IDC releases 2015 predictions scorecard


As the market gears for a new wave of predictions on what we can expect for next year, IDC takes a look back at their top 10 ICT predictions for Africa for 2015 to see which of these became a reality and which were off the mark.

Ahead of releasing their 2016 ICT trends for Africa on 1 December, IDC has created a rating scale to determine how accurate their previous predictions were, based on key events that took place over the past year.

According to Mark Walker, associate vice president at IDC Sub-Saharan Africa, a few trends stood out, shaping the ICT sector on the continent. “Facebook’s commitment to Africa, albeit relatively small to begin with, showed that global multinationals are seeing opportunity on the continent,” he says. “We also saw growing support for and awareness of SMB-specific technology solutions and requirements.”

Security remained a high priority on the continent, particularly in light of growing cybersecurity threats. “While we are seeing more collaboration, particularly in East Africa, moves by governments to put country-specific personal data protection in place will drive multinational vendors with operations in Africa to start considering domestic presence and local data centres,” says Walker. “Increased connectivity also has an impact on physical security, as more connected devices mean more risks, but also more ways of monitoring physical activity” he adds.

Walker notes that the conversation around cloud has also shifted significantly. “Corporations have moved away from asking what cloud is, to asking what it can do for them. While cloud adoption and preferences vary by region, this nascent technology is rapidly becoming a credible delivery model for IT services and software. Globally, IDC predicts that cloud industry consolidation will result in six to eight major platforms by 2020. This holds significant implications for Africa, where the major global cloud players have started establishing and bolstering their presence on the continent,” he says.

A review of the 2015 ICT predictions for Africa

Based on market events, IDC has achieved an overall rating of 75% or a B+ for their top 10 ICT predictions for Africa for 2015. The rating scale used ranges from a prediction accuracy of 70% or a B rating to a 90% accuracy, or an A++. It takes into consideration key market events that either supported, or disproved the IDC predictions.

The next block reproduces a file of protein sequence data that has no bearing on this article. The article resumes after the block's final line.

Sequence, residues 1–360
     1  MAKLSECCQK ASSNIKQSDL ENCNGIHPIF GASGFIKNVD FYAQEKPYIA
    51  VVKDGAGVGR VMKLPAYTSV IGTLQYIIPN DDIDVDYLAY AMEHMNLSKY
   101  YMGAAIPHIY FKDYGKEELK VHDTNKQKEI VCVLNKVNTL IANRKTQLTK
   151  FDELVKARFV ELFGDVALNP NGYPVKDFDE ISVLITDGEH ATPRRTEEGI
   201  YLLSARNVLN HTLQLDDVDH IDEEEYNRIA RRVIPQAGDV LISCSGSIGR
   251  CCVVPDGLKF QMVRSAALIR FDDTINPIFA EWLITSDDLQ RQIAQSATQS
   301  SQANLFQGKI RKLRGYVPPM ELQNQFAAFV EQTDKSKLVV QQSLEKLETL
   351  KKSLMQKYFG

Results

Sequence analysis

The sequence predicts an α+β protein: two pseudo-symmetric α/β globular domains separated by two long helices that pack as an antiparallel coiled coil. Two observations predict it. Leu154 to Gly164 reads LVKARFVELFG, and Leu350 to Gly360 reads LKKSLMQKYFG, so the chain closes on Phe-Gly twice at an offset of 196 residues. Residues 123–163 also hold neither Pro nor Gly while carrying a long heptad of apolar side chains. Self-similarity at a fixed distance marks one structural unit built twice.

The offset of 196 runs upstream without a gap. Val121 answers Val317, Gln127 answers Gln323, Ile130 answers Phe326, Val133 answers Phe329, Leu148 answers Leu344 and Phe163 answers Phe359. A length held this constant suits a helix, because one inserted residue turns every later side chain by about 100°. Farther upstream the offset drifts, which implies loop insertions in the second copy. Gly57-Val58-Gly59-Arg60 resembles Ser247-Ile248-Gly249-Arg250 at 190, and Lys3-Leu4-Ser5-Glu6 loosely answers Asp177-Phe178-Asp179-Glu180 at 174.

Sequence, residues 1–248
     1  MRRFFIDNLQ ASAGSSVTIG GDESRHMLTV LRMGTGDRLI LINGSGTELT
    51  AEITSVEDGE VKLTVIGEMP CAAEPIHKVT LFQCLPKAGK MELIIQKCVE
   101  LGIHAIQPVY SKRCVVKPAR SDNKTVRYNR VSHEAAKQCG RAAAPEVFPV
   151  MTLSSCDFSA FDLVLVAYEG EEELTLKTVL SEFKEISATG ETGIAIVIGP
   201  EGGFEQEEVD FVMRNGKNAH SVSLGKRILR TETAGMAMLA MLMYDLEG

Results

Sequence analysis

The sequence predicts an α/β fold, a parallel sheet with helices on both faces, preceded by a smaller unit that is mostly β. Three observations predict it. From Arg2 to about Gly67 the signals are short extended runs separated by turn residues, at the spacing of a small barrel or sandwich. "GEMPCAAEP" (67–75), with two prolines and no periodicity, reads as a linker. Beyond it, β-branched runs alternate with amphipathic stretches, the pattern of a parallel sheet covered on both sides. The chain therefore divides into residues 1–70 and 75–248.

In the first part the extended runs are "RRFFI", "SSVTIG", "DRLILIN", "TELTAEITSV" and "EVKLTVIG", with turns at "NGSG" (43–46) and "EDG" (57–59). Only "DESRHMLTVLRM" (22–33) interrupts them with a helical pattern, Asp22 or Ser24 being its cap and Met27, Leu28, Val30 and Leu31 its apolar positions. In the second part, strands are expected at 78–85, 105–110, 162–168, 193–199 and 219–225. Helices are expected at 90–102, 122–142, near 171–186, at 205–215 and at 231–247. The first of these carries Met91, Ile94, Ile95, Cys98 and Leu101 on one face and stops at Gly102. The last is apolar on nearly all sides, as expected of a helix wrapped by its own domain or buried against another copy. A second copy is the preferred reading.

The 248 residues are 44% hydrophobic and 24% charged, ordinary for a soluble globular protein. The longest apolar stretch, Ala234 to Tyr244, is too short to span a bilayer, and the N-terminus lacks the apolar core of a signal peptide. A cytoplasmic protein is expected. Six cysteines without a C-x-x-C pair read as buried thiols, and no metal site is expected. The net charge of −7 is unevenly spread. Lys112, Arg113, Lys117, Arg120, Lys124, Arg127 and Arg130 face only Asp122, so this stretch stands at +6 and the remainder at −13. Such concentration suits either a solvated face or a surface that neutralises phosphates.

ICT investments addressing African market realities will also fuel gross domestic product (GDP) growth in key countries. B

The Ethiopia Commodity Exchange (ECX) announced a national traceability system that will involve over five million smallholder farmers engaged in producing multiple commodities traded at the ECX. The system, which will be piloted with coffee, is expected to increase exports of high-quality Ethiopian coffee world-wide and enhance market access for specialty coffee from Ethiopia.

Governments with relevant, effective national ICT policies will begin to reap significant economic benefits. B+

In the overall World Economic Forum Network Readiness Index rankings, SA & Rwanda occupy position three and six in Africa respectively. SA scores higher in terms of infrastructure, (SA 5th, vs Rwanda’s 13th). SA has experienced higher economic impact of ICT, but Rwanda has highest social impact of technology score, through government’s use of ICT in providing services to citizens, as well as the One-Laptop-Per-Child policy (SA 15th).

Investment management firm Convergence Partners has revealed plans to spend R2.5 billion ($200 million) on ICT infrastructure across Africa, with a large chunk of this investment going towards Southern Africa.

In Kenya, one can now renew a driver’s license, book a driving test, and download a temporary driver’s license online.

The battle for the small and medium-sized business (SMB) market in more developed African countries will start in 2015. A+